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TOP > Report & Column > The Forefront of Space Science > 2012 > Planetary Plasma Environment and Atmospheric Outflow to be Elucidated by Extreme Ultraviolet Spectroscopy

The Forefront of Space Science

Planetary Plasma Environment and Atmospheric Outflow to be Elucidated by Extreme Ultraviolet Spectroscopy
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Is the space environment of our earth and environs, which hosts life forms including mankind, consequential or incidental? Have you not wondered about this fundamental question?

Of the eight planets in our solar system, the existence of life is only confirmed on earth. Many planets have been discovered outside the solar system, however, including planets similar in distance from a central star and in size to the earth. There may be environments similar to the earth elsewhere.

The human eye cannot see usually plasma and atmosphere, but their composition and distribution become visible when observed with extreme ultraviolet. What is revealed by observing the planetary environment with extreme ultraviolet? This article introduces a planetary observation mission by extreme ultraviolet spectroscopy (EXCEED), one project on a small scientific satellite SPRINT-A to be launched by a new solid rocket Epsilon in the summer of 2013. Outlines of a comprehensive test of SPRINT-A and the next-generation power-supply systemís equipment mission NESSIE are reported separately.

What is extreme ultraviolet?

First I would like to explain extreme ultraviolet, which is used by SPRINT-A to perform spectroscopic observation. There are several definitions on the term because of wavelength-boundary overlap. In this article, I use the definition from the standpoint of ultraviolet spectroscopy.

Visible light is that with colors visible to the human eye, i.e., the colors of the rainbow from violet to red. Its wavelength is about 380 to 760nm (nano meter, 1nm= 1/1billion meter). For light invisible to the human eye, shorter wavelength light is called ultraviolet because it is light beyond violet while longer wavelength light is called infrared because it is light beyond red.

The infrared wavelength is approx. 700nm to 1mm, and its energy is almost the same as the vibration energy of molecules making up matter and of black-body radiation. Accordingly, by investigating infrared spectra radiated from or absorbed by matter, we can estimate its chemical composition and temperature.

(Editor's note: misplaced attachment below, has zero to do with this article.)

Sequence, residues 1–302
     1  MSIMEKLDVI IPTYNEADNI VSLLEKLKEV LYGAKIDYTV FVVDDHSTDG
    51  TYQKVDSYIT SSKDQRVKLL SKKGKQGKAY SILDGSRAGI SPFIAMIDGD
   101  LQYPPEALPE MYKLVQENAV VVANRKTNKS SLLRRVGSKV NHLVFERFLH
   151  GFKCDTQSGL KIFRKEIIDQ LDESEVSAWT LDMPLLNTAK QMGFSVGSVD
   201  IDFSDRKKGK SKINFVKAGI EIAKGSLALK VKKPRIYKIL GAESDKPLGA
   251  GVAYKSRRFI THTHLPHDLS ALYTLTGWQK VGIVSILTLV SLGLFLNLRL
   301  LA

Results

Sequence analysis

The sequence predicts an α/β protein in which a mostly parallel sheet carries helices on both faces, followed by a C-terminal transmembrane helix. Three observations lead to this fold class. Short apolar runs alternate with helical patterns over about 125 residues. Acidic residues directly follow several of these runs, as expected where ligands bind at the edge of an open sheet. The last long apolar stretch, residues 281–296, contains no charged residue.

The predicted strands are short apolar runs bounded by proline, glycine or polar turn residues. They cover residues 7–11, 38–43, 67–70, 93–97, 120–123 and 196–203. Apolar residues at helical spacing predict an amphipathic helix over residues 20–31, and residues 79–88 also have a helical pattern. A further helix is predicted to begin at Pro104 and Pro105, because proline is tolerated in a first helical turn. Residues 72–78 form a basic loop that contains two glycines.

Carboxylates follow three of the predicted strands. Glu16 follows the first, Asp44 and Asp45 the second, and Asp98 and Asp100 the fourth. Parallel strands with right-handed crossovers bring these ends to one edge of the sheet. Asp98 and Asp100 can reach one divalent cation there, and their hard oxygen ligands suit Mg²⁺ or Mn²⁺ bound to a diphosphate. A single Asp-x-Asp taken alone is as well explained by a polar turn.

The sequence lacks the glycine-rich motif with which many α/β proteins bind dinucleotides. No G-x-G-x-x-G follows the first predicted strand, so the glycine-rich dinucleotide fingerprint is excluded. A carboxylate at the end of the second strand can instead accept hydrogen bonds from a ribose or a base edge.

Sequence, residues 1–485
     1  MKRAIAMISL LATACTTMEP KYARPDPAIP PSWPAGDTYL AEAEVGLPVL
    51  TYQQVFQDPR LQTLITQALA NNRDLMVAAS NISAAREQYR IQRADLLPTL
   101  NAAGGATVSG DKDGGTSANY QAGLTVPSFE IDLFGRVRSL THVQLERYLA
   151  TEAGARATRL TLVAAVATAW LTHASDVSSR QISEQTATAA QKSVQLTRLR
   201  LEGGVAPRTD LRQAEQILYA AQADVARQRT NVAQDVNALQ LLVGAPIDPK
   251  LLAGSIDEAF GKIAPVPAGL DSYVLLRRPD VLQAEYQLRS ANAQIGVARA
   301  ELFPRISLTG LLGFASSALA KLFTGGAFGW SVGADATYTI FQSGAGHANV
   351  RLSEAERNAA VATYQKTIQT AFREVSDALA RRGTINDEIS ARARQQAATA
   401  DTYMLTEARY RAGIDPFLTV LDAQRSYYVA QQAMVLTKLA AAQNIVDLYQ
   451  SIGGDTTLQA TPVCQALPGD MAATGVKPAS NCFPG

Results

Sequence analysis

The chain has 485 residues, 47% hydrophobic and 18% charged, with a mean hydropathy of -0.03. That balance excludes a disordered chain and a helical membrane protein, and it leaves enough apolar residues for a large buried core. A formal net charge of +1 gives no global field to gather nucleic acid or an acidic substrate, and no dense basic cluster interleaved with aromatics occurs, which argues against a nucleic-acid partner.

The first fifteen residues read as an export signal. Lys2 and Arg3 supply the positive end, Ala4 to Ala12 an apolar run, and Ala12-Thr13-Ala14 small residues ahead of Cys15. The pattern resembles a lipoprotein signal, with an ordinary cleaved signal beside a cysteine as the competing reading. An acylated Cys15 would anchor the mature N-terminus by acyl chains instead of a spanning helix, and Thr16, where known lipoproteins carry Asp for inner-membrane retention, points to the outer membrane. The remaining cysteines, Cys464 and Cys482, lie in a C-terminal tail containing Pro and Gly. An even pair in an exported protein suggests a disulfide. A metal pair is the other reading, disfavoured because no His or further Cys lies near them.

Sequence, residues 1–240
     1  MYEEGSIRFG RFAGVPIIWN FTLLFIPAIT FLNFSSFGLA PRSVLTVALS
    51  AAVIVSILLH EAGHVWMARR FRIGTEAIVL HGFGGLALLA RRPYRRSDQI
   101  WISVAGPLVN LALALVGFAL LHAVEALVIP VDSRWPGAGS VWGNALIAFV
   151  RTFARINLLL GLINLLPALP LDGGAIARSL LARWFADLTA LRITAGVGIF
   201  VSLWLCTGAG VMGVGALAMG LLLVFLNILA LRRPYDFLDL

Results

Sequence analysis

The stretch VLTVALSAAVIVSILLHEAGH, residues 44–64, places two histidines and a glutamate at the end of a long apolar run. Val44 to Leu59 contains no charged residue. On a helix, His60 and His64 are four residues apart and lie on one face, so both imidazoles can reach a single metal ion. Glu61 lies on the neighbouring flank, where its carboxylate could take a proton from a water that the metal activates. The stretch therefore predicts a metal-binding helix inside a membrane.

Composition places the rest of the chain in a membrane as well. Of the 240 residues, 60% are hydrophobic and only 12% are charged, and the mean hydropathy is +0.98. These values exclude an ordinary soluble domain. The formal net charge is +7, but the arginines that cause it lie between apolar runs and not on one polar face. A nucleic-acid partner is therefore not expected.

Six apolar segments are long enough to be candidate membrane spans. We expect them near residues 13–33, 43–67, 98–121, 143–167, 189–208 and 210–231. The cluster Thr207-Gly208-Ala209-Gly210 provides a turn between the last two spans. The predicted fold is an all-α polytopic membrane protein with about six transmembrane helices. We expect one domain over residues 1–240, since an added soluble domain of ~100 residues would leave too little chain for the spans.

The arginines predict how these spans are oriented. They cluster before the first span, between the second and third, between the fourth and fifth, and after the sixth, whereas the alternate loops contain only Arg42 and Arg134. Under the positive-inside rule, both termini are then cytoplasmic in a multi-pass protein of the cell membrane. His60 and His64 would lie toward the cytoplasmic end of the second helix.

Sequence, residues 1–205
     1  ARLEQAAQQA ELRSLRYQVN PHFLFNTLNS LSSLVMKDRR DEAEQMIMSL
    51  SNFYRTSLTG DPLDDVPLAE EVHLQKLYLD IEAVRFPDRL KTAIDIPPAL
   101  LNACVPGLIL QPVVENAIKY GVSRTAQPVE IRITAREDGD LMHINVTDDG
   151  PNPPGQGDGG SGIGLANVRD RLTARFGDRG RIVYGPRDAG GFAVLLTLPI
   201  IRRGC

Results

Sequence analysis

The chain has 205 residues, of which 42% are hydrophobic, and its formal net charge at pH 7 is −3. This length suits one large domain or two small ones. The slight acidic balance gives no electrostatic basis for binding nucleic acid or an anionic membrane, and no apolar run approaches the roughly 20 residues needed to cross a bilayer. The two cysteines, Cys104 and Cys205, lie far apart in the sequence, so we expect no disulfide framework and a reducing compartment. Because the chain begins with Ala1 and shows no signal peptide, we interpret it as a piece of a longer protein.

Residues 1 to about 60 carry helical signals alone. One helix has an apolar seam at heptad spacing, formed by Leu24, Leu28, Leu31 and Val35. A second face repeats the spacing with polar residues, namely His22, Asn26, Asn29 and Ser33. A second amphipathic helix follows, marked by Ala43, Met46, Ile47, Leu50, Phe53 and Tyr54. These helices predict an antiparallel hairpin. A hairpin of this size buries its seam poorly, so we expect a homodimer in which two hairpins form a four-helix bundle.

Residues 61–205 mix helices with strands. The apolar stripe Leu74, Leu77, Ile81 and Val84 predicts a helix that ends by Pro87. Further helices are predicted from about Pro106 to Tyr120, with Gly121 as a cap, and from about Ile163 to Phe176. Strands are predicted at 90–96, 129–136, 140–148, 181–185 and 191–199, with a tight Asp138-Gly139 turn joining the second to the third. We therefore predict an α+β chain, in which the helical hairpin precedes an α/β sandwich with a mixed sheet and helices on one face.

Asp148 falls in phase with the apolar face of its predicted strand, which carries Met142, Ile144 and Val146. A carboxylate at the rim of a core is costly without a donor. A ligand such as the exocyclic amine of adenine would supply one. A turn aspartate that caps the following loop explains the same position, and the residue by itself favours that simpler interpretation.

The ultraviolet wavelength is approx. 10 to 400nm with a strong chemical action. For example, it can cause color fading, or sunburn or freckling on skin, and it can also be used to sanitize or disinfect. As wavelength in the ultraviolet region becomes shorter, it becomes harder to transmit in the atmosphere. Ultraviolet wavelength shorter than 315nm is absorbed by ozone, and below 200nm, it is absorbed by oxygen and nitrogen molecules in the atmosphere and, thus, becomes light that cannot propagate through the atmosphere.

To handle light of approx. 10 to 200nm wavelength that cannot propagate though the atmosphere, we need to eliminate the atmosphere to make a vacuum. Ultraviolet can only be handled in a vacuum known as vacuum ultraviolet. In addition, at the boundary of 105nm wavelength, the technology to handle vacuum ultraviolet differs largely. Some materials do not absorb light longer than 105nm but permit their transmission, whereas no material permits the transmission of light shorter than 105nm. This makes a big difference. Specifically, it allows use of transmission-type optical components such as a lens for the measurement system, or limits use to reflection-type optical components.

For this reason, different names are given to light at the boundary of 105nm wavelength. Light shorter than that is called extreme ultraviolet. This is the light that SPRINT-A will use for observation and it is seen only in outer space. Many nuclei and molecules absorb specific-wavelength vacuum ultraviolet to emit light. Thus, we can identify nuclei and molecules by measuring wavelength in spectroscopic observation and estimate their quantity by measuring emission intensity.

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